Banner photo of Larry Eugene Meredith, Ronald Tipton and Patrick Flynn, 2017.

The good times are memories
In the drinking of elder men...

-- Larry E.
Time II

Sunday, August 1, 2010

From the Snows of the Himalayas to the Rails of Sudden Death

There were four bedrooms on the upper floor of the swamp house. The Kid's parents had the master, naturally, although his mother slept alone four to five nights a week depending upon his dad's schedule. The Kid had the back east-corner room for sleeping. The other back bedroom, the west, was his playroom.

Ah, there are advantages to being an only child. Not only don't you have to share a bedroom or bed, but where there is a spare room, you can claim it as your sanctuary and spread out your toy trucks and soldiers. You never have to squabble over territory or maneuver for your mother's attention. You can't blame your sibling for your misdeeds either, but those who have that opportunity probably get caught in the lie and doubled down on the punishment.

This left one more room upstairs and this became a store room, not that his folks had very much to store. There were, however, some things stacked in the middle of the room that caught his attention.

There were tall mounds of comic books. Who knows how many, but at least two piles as tall as he was. Considering their thinnest, even in the days when they bragged of having "52 pages", that was a lot of comic books. These must have been his dad's, for he had never seen his mother read a comic book and it was doubtful some previous occupant had left them there.

These were an eclectic collection, somewhat historic even then. If The Old Goat had them now he could make a small fortune on eBay. There were among these publications the originations and first adventurers of some of the superheroes still in print today, Superman and Batman. There were also comics of characters probably no one remembers, because there were some of the earliest comic books created in those piles. There were comic books in black and white and there were comic books that were collections of the newspaper strips of the 'thirties.

Although comic books were to play a roll building relationships in The Kid's near future, it was the other pile in that room which grabbed his attention even more. These were strange books. They were an inch or so thick, but not very wide or high. When you flipped through there were a lot of illustrations, even stills taken from movies. Some books had famous names and portraits on the covers, others had garish scenes of World War I fighter planes in combat or cowboys chasing stampedes or beautiful damsels in distress. These were called "Big Little Books" and there were a ton of them.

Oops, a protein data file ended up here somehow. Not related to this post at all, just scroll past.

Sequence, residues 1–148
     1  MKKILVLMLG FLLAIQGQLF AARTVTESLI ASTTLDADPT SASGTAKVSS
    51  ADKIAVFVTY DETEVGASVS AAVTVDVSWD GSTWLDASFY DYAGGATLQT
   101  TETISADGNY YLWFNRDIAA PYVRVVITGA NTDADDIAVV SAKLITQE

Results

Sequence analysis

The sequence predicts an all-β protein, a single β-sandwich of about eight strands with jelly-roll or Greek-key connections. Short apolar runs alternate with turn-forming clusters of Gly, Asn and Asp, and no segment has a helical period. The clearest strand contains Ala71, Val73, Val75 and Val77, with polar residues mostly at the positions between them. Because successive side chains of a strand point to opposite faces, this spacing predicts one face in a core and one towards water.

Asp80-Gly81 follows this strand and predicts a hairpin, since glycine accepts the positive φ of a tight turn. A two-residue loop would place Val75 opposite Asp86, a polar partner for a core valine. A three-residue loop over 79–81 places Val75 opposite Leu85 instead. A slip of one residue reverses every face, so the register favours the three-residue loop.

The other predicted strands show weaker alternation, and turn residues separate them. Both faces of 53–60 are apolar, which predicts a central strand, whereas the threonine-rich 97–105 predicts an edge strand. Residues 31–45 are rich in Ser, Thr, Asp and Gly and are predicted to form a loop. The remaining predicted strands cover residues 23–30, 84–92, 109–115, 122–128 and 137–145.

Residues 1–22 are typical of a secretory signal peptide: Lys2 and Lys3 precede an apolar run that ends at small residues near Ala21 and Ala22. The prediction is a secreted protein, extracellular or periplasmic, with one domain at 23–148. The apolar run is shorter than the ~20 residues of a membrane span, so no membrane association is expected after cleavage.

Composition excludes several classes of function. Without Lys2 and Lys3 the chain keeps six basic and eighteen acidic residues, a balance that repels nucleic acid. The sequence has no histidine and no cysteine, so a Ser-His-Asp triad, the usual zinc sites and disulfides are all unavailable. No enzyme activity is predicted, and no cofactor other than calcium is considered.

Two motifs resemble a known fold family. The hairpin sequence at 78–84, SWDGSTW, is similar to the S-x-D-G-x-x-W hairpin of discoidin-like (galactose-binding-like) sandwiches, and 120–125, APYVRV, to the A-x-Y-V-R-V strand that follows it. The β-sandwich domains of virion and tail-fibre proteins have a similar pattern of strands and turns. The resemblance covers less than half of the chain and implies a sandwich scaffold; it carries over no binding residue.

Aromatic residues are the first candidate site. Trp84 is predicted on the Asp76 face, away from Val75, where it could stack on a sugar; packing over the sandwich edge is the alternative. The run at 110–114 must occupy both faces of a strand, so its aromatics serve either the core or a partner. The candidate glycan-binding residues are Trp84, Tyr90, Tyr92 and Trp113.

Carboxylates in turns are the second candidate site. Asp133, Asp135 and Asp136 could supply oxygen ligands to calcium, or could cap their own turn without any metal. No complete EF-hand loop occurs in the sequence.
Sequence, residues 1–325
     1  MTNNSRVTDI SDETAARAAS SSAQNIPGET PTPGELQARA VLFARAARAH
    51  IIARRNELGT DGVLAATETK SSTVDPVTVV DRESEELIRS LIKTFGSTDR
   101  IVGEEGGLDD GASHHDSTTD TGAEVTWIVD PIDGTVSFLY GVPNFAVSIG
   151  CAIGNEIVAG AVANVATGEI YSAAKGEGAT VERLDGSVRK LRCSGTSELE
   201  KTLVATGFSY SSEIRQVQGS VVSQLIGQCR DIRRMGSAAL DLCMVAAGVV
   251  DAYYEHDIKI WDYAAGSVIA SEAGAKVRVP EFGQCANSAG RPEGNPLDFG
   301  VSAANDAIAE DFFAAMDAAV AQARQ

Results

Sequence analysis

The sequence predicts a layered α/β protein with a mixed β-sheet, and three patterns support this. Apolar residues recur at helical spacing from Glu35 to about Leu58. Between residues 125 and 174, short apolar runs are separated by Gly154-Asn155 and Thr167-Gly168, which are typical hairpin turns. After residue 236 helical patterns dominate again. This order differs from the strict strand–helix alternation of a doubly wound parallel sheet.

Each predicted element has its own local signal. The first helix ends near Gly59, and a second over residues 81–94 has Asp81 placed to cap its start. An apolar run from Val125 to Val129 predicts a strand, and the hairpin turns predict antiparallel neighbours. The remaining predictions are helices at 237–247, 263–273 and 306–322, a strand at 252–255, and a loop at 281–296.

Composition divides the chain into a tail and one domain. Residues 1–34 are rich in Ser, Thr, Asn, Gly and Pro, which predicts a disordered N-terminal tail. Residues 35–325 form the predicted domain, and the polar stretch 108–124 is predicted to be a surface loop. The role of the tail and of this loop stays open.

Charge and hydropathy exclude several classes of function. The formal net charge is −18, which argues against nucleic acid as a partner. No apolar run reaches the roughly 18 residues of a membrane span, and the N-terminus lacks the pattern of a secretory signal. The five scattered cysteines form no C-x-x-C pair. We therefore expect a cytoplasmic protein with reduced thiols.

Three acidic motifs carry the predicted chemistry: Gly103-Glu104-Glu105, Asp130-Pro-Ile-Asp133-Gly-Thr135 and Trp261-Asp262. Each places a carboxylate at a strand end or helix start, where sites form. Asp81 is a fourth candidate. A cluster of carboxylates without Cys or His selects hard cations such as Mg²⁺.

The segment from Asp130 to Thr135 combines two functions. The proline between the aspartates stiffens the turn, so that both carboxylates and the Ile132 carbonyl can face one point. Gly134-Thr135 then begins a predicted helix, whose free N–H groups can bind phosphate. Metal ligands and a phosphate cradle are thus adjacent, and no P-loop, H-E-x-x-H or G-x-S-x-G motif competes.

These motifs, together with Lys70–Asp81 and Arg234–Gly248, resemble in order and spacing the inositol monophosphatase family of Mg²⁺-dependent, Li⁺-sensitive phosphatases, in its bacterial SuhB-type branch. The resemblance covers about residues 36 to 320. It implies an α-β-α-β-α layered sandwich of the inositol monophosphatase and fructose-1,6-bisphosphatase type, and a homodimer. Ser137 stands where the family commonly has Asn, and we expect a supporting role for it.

These were what belonged to his mom and he began asking her to read them to him at night. He quickly found he could read along with her well enough that soon he was spending hours alone honing his reading ability. The Kid was especially drawn to the adventure books, the explorations of unknown parts of the world. He was most enthralled by several baring the name "Frank Buck" on the cover. Frank Buck was famous once. He was an actor, a writer, a trainer for the Ringling Brothers and even more impressive an explorer who captured wild animals for zoos and circuses. He was known as "Bring 'em Back Alive" Buck.

Here was this man traveling the world; here was The Kid stuck alone in a swamp. Frank Buck brought home lions and tigers and hippopotamus in cages; The Kid brought home tadpoles in jars and snakes on sticks. People celebrated what Buck brought and paid to see the beasts; The Kid's mom always made him dump his menagerie back in the marsh.

"She can't stop me from growing up someday," he thought, "and when I do, that's what I'll be, a world-renown explorer. I'll go on adventures in darkest Africa, searching for King Solomon's Minds or lost tribes of headhunters." And after hearing about some strange creatures on radio, he decided he would be the who would capture the Yeti.

There was irony to such a goal for The Kid. The Yeti, better known as "Abominable Snowmen", did not lurk on some savannah in Africa or hide in Amazon Jungles. It dwelt in the highest mountain range in the world, the Himalayas. You could only reach the Yeti with pickax and rope and Sherpa guides.

And The Kid was afraid of heights.

This fact did not daunt his dreams of capturing the Yeti someday, but these books also inspired him to more immediate boldness in exploring the surroundings of his own backyard. It was those explorations that brought him to the place where for the second time he almost died at that place in the swamp.

Remember the cornfield behind the house, the hill where The Kid used to sled. He was told never to crest that hill. He was a boy and alone. Who would ever know, so of course, he did. After all, Frank Buck would have went over that hill to see what was on the other side. So one day he went up and over the ridge.

Beyond the top was a gully cut through the hills in which was laid the mainline of the Pennsylvania Railroad. Past these tracks was nothing to see but woods. The Kid crossed the tracks anyway.